African American Grooms and Jockeys at Belle Meade Plantation and in the United States

During the time of slavery, it was easier for plantation owners to have their enslaved workers take care of the horses than to pay someone. If these slaves showed talent, they would advance to higher positions. These positions included jockey, groom, or trainer. These slaves were given a higher status, better treatment for these skills, and had more personal freedom, opportunity to travel, and better clothes and food.

Isaac Murphy and Ed Brown 

The most famous African American jockey of the 1800s was Isaac Murphy, who is thought to be one of the greatest jockeys in American racing history. He won three Kentucky Derbies and forty-four percent of all races he entered, a record that has not been rivaled in recent history. Unfortunately, Murphy died at the age of thirty-four of pneumonia, cutting his successful career short. Today he rests next to the famous horse Man O’ War in the Kentucky Horse Park in Lexington.

After Murphy’s success, the reliance on African American jockeys dwindled, and their status declined to that of stable help. 

Take a Tour of Belle Meade Plantation

Many jockeys after growing older, larger, and thus too big to ride became trainers. One trainer, Ed Brown of Louisville, Kentucky, trained the 1877 winner of the Kentucky Derby. He owned racehorses and was said to be the richest African-American man in Louisville at his death in 1906.

Jockeys and Trainers at Belle Meade 

The people who were the jockeys, trainers, and groomsmen at Belle Meade were also responsible for the farm’s success. From the start in 1807, the Harding family had slaves. By the 1810’s those individuals were skilled at working with the horses. Most jockeys were slaves, young boys between the ages 8 and 12, with a lightweight size for riding racehorses. These boys received preferential treatment and were able to travel the country. There is evidence that William Giles Harding was the trainer at Belle Meade, but he may have had help from slaves on the property or white trainers he hired temporarily.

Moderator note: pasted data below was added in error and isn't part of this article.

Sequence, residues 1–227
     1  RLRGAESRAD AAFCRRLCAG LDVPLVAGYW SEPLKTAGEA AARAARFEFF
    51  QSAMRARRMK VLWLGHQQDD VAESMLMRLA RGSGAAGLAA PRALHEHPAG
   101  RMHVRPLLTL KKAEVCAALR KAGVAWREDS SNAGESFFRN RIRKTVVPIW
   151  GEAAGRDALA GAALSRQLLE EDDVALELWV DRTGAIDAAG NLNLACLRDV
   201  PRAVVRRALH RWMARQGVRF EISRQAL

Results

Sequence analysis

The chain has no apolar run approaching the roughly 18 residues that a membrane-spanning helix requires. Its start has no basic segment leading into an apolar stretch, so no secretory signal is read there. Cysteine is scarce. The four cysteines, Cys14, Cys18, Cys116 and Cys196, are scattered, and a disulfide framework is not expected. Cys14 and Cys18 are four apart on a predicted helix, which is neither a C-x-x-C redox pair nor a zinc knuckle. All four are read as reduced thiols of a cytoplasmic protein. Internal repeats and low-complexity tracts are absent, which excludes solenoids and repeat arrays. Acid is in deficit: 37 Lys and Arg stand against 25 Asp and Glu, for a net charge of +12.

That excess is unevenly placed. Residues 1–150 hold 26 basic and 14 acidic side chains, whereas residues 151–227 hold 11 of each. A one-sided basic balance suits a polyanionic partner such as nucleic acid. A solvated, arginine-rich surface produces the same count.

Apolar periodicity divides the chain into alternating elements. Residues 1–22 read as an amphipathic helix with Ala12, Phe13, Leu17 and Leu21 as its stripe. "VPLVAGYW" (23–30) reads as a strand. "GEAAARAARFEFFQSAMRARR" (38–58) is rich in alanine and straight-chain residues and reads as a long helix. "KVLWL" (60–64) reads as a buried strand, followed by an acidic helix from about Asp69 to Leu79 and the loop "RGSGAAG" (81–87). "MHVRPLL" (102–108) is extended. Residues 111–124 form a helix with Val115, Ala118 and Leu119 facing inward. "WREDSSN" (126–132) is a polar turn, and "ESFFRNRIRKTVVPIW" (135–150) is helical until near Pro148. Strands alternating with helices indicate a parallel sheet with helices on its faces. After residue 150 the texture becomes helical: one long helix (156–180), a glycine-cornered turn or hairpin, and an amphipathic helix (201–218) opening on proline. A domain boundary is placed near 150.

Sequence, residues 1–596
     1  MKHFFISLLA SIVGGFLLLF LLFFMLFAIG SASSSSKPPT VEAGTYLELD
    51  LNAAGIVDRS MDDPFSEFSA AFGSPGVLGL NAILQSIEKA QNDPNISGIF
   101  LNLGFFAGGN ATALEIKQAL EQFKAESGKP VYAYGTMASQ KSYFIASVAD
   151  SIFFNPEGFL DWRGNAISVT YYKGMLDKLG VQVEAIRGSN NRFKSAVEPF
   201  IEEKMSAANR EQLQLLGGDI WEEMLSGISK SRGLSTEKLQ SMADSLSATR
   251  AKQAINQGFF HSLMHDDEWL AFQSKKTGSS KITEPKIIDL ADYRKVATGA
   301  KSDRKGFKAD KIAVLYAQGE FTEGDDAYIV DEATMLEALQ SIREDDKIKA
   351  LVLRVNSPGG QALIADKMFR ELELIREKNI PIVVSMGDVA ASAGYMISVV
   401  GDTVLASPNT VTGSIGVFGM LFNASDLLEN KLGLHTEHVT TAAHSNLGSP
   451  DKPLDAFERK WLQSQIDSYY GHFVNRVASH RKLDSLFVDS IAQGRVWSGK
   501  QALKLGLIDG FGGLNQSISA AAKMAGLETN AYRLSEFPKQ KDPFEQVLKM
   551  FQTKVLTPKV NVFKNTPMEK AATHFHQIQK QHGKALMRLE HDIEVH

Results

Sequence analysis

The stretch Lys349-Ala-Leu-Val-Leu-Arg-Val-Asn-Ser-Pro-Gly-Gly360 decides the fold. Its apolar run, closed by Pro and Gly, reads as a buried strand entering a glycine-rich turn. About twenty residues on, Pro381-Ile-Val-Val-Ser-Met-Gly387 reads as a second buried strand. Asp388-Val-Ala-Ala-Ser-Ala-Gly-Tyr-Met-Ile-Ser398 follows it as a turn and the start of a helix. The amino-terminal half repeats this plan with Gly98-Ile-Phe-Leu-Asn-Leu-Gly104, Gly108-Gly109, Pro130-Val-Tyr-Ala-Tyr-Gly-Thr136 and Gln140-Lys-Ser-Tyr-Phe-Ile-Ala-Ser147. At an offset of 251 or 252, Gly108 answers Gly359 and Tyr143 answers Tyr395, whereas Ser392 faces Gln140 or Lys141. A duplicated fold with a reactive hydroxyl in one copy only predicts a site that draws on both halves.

Bob Green: Head Hostler 

In 1839 William Giles Harding brought a young enslaved boy to work at Belle Meade. His name was Robert “Bob” Green. Bob Green grew up working with the horses and became an expert in everything related to the Thoroughbred. At the end of the war, Bob continued to work for the horse farm, and according to an 1879 ledger book in the Belle Meade archives, he was the highest paid worker on the farm as the head hostler or groom. Bob Green was famous for his horse knowledge, and it was said that many a gentleman in the horse business owed a debt of gratitude to Bob for his knowledge at the yearling sales. The head groom at Belle Meade always wore a white apron, and Green was seen wearing his apron, even in New York City. Bob was introduced to President Grover Cleveland during his visit in 1887, and Bob led President Cleveland on a tour of the stud, which included profiles of Iroquois, Bramble, Enquirer, Luke Blackburn, and Great Tom.

Bob Green was also instrumental in taking care of the horses in the stud’s first great sale out of state in New York. During the train trip, the Johnstown Flood of 1889 occurred. The rails were covered in water, and the train was forced to detour. During their confinement in the railcars, the horses became excited and the grooms, including Bob, had to hold the horses’ heads to keep them from becoming injured. Despite their best efforts, some of the horses were injured anyway, causing the first New York sale to falter.

Bob had at least four grooms working for him, including Sam Nichols, who in the 1880’s was offered a position at Fairview Farm but declined in order to continue working at Belle Meade.

At the end of his life, Bob Green moved from the plantation and his home at the old family cabin to his property in Nashville. He was in charge of all Thoroughbreds at Belle Meade, he owned and raced Thoroughbreds during his lifetime, and he was heartbroken to leave his horses at Belle Meade. In 1906, Bob was granted his request for burial at the farm with the horses, where he rests today in an unmarked grave.